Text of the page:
There will be those who’ll argue this kind of rocky, mountainous zone is what flying was made for, or rather what it helps you avoid. However, once you work out the lay of the land (literally and metaphorically) it proves to be the easiest zone so far to navigate. It’s also the one your Goblin Glider or Kite was meant to be used in, and the sweeping vistas from top to bottom are worth stopping and taking in. It’s a beautiful mix of classic Viking history, water, and bleak, rocky outcroppings.

There are places of genuine wonder, and the dwellings are beautiful both in construction and placement. Also, the entrance to the Halls of Valor (which also doubles as the Warrior Class Hall) is probably one of the most inspiring entrances to instances in the game so far. I absolutely adore it as a class hall as well as the accompanying five-man, annoying mobs and dangerous pulls combined. Plus, it has the best mechanic ever for a last boss, only slightly surpassed by Cordana Felsong in the Vault of the Wardens.

I really had to work in Stormheim, especially at 110. Respawn rates are extremely robust, and the objectives often needed some careful thinking and planning to complete. More importantly, the questing is becoming less and less about being on rails and far more organic, almost episodic in both telling and execution. It’s odd that things appear so natural and unforced, especially since that is usually the case with all the zones where the main storyline leads to a dungeon as ‘conclusion’ or ‘continuation’ to the plot.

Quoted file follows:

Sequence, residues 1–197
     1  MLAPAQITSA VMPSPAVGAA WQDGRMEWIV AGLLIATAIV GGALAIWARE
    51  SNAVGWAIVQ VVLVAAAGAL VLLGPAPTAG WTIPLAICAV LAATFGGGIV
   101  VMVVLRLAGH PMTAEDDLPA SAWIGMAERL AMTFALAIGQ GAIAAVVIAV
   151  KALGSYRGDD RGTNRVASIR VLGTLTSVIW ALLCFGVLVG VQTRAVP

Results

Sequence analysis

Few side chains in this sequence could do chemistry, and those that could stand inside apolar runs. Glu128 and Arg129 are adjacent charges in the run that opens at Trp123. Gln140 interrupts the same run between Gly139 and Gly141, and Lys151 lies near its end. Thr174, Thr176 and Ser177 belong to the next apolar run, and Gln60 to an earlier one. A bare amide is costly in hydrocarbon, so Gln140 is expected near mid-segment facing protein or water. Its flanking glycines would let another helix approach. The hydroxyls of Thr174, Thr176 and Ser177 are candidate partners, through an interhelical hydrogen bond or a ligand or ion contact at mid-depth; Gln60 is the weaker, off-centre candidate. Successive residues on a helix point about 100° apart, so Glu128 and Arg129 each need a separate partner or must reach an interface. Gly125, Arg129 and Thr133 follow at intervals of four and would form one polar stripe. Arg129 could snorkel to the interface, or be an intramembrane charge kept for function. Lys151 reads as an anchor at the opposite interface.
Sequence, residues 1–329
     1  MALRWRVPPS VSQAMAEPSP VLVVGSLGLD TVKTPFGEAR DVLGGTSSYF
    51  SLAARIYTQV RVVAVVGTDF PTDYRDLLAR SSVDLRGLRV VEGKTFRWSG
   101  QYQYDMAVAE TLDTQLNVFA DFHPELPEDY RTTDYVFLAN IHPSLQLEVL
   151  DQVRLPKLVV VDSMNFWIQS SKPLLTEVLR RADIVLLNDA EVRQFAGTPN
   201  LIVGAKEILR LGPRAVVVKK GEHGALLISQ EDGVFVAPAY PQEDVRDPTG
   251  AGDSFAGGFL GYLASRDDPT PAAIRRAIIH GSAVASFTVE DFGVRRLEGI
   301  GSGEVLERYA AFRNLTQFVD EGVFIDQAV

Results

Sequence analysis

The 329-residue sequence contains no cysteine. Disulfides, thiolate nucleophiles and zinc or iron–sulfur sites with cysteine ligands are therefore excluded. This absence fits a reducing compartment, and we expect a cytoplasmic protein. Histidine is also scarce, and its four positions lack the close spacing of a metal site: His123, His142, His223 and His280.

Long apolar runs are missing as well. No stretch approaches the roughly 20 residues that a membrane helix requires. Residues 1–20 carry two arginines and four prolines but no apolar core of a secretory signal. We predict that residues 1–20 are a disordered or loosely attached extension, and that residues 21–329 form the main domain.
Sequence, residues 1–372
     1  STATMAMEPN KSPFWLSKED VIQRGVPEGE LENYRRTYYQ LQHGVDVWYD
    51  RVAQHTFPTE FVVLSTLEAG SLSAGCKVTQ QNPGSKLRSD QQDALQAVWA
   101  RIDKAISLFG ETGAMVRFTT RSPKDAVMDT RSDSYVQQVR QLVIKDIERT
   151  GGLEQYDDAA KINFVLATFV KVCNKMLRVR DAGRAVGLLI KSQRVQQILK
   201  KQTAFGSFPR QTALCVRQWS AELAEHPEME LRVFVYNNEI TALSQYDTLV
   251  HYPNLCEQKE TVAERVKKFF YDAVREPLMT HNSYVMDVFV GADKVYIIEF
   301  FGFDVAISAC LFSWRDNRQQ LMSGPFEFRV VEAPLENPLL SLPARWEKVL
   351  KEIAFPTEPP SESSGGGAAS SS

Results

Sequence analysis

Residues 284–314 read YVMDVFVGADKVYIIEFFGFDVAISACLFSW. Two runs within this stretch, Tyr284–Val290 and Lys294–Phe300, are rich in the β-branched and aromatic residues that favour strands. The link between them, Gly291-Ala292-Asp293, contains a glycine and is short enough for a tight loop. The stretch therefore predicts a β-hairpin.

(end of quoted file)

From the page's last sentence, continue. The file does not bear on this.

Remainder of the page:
It helps that Stormheim looks and feels feels so vast, and a lot of this undoubtedly is wrapped around the construction of objectives over multiple levels. As you travel in pursuit of your objectives, there’s also a strange sense of working alone even though you are well aware of other people around you. I suspect the new instancing technology has something to do with this, and it can well create a feeling of claustrophobia. This was particularly true of the section where I ended up ‘dead’ and had to fight my way out of purgatory.